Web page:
Twitter is an online information network that allows anyone with an account to post 140 character messages, called tweets. It is free to sign up. Users then follow other accounts which they are interested in, and view the tweets of everyone they follow in their "timeline." Most Twitter accounts are public, where one does not need to approve a request to follow, or need to follow back. This makes Twitter a powerful "one to many" broadcast platform where individuals, companies or organizations can reach millions of followers with a single message. Twitter is accessible from Twitter.com, our mobile website, SMS, our mobile apps for iPhone, Android, Blackberry, our iPad application, or 3rd party clients built by outside developers using our API. Twitter accounts can also be private, where the owner must approve follower requests. 

Where did the idea for Twitter come from?

Twitter started as an internal project within the podcasting company Odeo. Jack Dorsey, and engineer, had long been interested in status updates. Jack developed the idea, along with Biz Stone, and the first prototype was built in two weeks in March 2006 and launched publicly in August of 2006. The service grew popular very quickly and it soon made sense for Twitter to move outside of Odea. In May 2007, Twitter Inc was founded.

How is Twitter built?

Our engineering team works with a web application framework called Ruby on Rails. We all work on Apple computers except for testing purposes. 

We built Twitter using Ruby on Rails because it allows us to work quickly and easily--our team likes to deploy features and changes multiple times per day. Rails provides skeleton code frameworks so we don't have to re-invent the wheel every time we want to add something simple like a sign in form or a picture upload feature.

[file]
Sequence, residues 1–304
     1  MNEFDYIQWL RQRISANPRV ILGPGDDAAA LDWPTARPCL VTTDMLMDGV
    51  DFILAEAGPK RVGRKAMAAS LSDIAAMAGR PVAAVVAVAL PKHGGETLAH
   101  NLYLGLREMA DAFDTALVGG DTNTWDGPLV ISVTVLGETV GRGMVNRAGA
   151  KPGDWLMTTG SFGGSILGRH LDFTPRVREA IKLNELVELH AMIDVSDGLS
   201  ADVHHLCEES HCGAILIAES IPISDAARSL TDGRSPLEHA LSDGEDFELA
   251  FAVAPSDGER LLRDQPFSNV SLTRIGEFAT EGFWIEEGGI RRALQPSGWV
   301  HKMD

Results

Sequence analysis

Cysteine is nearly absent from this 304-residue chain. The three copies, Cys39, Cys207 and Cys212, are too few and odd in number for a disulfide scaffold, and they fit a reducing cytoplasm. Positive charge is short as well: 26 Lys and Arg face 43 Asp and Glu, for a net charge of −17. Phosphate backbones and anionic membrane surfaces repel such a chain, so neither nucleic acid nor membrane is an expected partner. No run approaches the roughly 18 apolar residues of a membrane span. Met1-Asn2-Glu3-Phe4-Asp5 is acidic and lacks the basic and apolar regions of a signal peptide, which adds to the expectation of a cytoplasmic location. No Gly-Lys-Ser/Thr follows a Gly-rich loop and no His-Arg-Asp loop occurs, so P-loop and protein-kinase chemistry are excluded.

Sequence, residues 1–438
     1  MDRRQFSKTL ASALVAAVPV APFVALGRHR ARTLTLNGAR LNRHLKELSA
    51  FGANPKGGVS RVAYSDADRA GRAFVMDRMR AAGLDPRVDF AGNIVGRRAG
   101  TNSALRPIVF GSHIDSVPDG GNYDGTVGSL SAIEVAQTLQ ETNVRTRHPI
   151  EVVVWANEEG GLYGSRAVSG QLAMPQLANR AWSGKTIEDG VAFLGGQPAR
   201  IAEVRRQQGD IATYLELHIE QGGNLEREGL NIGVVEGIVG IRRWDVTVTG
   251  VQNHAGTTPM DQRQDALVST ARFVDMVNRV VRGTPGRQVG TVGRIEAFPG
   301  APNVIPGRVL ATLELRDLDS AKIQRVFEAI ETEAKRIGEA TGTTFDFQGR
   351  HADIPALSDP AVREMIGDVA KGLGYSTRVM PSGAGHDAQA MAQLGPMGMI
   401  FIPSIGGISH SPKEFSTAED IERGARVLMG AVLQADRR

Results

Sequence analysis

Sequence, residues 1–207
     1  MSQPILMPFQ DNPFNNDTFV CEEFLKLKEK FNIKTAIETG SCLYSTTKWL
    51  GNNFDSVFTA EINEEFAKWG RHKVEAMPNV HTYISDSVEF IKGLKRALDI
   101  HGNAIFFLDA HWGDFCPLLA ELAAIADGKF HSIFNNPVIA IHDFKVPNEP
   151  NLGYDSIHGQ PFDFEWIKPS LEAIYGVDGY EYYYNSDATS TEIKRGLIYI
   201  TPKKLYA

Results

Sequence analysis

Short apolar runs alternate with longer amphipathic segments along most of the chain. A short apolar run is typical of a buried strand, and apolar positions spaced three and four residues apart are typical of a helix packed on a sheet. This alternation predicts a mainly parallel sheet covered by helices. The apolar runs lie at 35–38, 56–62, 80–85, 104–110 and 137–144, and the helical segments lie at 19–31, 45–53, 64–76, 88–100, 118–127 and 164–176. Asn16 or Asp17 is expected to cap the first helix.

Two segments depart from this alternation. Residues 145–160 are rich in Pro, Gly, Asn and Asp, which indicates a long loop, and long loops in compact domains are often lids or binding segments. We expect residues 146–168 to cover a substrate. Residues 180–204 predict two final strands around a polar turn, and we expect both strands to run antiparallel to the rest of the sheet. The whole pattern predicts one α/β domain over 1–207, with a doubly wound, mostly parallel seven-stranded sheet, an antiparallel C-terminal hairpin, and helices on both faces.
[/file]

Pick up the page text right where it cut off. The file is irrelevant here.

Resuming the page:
How do you make money from Twitter?

There are a few ways that Twitter makes money. We have licensing deals in place with Google, Yahoo!, and Microsoft's Bing to give them access to the "firehose" - a stream of tweets so that they can more easily incorporate those tweets into their search results.

In Summer 2010, we launched our Promoted Tweets product. Promoted Tweets are a special kind of tweet which appear at the top of search results within Twitter.com, if a company has bid on that keyword. Unlike search results in search engines, Promoted Tweets are normal tweets from a business, so they are as interactive as any other tweet - you can @reply, favorite or retweet a Promoted Tweet. 

At the same time, we launched Promoted Trends, where companies can place a trend (clearly marked Promoted) within Twitter's Trending Topics. These are especially effective for upcoming launches, like a movie or album release.

Lastly, we started a Twitter account called @earlybird where we partner with other companies to provide users with a special, short-term deal. For example, we partnered with Virgin America for a special day of fares on Virginamerica.com that were only accessible through the link in the @earlybird tweet.

 

What's next for Twitter?

We continue to focus on building a product that provides value for users. 

We're building Twitter, Inc into a successful, revenue-generating company that attracts world-class talent with an inspiring culture and attitude towards doing business.